Ooh la la! A contemporary retelling of Little Women, one of my favorite childhood classics, had me all in! The March sisters we all know and love are here. Meg, Jo, Amy, and Beth. Jo heads off to New York to study journalism, but her career takes a nosedive. Meg is taking the safe route with the life she has always planned and dreamed of- as a wife and mother. She has it all, and she knows it, but somehow she still feels lacking? Their mother falls ill and all the sisters return home to North Ooh la la! A contemporary retelling of Little Women, one of my favorite childhood classics, had me all in! The March sisters we all know and love are here. Meg, Jo, Amy, and Beth. Jo heads off to New York to study journalism, but her career takes a nosedive. Meg is taking the “safe” route with the life she has always planned and dreamed of- as a wife and mother. She has it all, and she knows it, but somehow she still feels lacking? Their mother falls ill and all the sisters return home to North Carolina (!!!) to her and to each other. Their bonds as sisters and family will be tested now more than ever. This story is reminiscent of Little Women largely because of the characters and their personalities, and I loved revisiting them in modern roles. As the title suggests, the story is mainly about Jo and Meg, but we do get some cameos of Amy and Beth also. Overall, Meg and Jo is a story inspired by one of our favorite classics. It’s about family and sisterhood and pulling together during the tough times. It was a heartwarming read. Jo, as always, was my favorite! I received a complimentary copy. All opinions are my own. Many of my reviews can also be found on my blog: www.jennifertarheelreader.com and instagram: www.instagram.com/tarheelreader

  5. 4 out of 5

    Gabby

    Laurie (who goes by Trey in this book, like whyyyy??) owns a car dealership... and Jo is a food blogger in NYC. The audiobook also has them all speaking in strong Southern accents and relies heavily on Southern stereotypes and values... no thanks, I'll pass on this retelling and reread the original instead.

  6. 4 out of 5

    ABookwormWithWine

    ⭐⭐⭐⭐⭐ / 5 Full disclosure, I read Little Women a very long time ago and honestly don't remember much about it, but that didn't stop me from loving Meg and Jo by Virginia Kantra! I listened to the majority of the book on audio and I really loved the narrators. I ended up listening at 1.75 speed which was apparently perfect, and their voices were still very understandable. The narrators were both amazing, but I especially love the voices Meg's narrator did for her twins. I would gladly listen to ⭐️⭐️⭐️⭐️⭐️ / 5 Full disclosure, I read Little Women a very long time ago and honestly don't remember much about it, but that didn't stop me from loving Meg and Jo by Virginia Kantra! I listened to the majority of the book on audio and I really loved the narrators. I ended up listening at 1.75 speed which was apparently perfect, and their voices were still very understandable. The narrators were both amazing, but I especially love the voices Meg's narrator did for her twins. I would gladly listen to either of these amazing women (Shannon McManus and Karissa Vacker) on any other audiobooks. I'm not sure I would have loved the book as much as I did had it not been for them really bringing Meg and Jo to life for me. I'm not a huge fan of the fact that the cover of Meg and Jo promotes it as a retelling, the synopsis and readers guide say it was inspired by Little Women and I like that description much better. It's a re-imagining of these characters and I really liked what Kantra did with them, although as I said, I don't remember much about Little Women. I also don't think you have to have read Little Women in order to read Meg and Jo. If you are a fan of contemporary novels that are inspired by other books I would still recommend checking this out. Meg and Jo has some romance, some tears, and some downright strong female characters. I loved both Meg and Jo, and Jo's feistiness really made this book for me. At first I wasn't sure I would like it all that much, but as I got into it I became really invested in the characters and by the time I was done I was in love with it. It wasn't quite as funny as I had hoped it would be (funny seems to be the case with a lot of retellings), but I still laughed plenty of times and gasped a couple as well. Song/s the book brought to mind: We Are Family by Sister Sledge Final Thought: I read a little under the last 100 pages and the whole time I was reading I could hear the narrators from the audiobook in my head reading. This has never happened to me before, so I am chalking that up to amazing narration. I got pretty teary during Meg and Jo so I would have some tissues nearby if you are the emotional type like I am. I haven't seen many 5-star reviews, but for me it was a real winner and I cannot WAIT to read the next book, Beth & Amy. Thank you to Edelweiss for my advanced review copy. All opinions and thoughts are my own.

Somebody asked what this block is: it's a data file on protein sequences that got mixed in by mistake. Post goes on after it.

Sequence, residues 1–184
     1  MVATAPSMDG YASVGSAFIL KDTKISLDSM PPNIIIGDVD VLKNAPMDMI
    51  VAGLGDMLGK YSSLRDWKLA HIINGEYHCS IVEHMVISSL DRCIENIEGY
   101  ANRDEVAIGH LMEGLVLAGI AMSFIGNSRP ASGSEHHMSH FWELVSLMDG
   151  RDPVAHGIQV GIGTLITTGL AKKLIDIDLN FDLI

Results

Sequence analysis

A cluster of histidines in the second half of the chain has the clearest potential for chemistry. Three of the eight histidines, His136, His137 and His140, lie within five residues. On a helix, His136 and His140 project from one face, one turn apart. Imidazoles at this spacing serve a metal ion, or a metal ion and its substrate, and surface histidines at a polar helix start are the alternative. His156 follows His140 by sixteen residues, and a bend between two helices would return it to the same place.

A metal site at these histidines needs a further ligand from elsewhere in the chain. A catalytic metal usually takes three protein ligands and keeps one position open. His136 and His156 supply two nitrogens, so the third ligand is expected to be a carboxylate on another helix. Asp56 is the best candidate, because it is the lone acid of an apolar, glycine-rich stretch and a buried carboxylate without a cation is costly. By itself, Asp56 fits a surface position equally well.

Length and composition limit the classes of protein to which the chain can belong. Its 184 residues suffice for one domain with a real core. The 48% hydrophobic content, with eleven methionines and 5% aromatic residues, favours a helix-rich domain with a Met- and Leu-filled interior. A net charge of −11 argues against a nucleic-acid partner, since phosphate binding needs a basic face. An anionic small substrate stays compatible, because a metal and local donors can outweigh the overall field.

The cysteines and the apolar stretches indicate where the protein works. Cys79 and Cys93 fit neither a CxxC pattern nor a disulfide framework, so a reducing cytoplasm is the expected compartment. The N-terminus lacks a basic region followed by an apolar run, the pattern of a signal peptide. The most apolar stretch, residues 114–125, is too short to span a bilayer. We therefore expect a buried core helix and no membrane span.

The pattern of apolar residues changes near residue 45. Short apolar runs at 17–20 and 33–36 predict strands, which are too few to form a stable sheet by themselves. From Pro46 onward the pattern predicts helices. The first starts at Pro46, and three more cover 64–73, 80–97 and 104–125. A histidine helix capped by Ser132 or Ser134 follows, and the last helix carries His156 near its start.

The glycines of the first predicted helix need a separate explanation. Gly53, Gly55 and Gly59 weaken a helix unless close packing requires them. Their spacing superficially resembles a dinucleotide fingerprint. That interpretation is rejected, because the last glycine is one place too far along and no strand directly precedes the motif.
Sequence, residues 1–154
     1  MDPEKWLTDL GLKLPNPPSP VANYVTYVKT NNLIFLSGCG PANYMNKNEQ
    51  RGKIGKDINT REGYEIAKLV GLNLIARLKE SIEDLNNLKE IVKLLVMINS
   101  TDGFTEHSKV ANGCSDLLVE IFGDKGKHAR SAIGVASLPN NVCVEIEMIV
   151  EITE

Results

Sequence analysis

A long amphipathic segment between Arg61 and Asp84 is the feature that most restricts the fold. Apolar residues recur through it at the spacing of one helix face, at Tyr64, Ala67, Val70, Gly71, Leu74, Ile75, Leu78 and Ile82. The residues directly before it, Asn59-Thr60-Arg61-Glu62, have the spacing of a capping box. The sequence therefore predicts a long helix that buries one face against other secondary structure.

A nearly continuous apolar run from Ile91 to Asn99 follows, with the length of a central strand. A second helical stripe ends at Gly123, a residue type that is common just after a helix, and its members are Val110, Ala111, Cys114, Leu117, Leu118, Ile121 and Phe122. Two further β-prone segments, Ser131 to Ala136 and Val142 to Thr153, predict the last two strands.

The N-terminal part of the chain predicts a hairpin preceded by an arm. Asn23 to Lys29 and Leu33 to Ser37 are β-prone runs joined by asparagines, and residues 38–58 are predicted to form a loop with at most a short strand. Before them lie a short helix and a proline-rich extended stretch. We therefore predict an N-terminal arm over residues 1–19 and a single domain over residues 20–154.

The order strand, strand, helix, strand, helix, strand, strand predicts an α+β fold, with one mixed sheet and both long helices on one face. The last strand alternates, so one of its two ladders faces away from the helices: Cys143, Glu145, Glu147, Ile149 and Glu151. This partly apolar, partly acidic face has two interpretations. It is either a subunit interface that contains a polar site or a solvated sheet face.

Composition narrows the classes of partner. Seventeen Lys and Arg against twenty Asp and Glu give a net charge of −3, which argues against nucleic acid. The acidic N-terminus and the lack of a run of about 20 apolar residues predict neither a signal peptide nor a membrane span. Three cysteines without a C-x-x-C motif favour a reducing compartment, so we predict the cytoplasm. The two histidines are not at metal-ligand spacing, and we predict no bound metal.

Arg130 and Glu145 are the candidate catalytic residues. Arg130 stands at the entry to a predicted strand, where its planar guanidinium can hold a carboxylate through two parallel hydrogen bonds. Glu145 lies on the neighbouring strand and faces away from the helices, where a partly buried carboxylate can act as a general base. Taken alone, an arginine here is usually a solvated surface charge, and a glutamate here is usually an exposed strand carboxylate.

7. 4 out of 5

    Berit☀️✨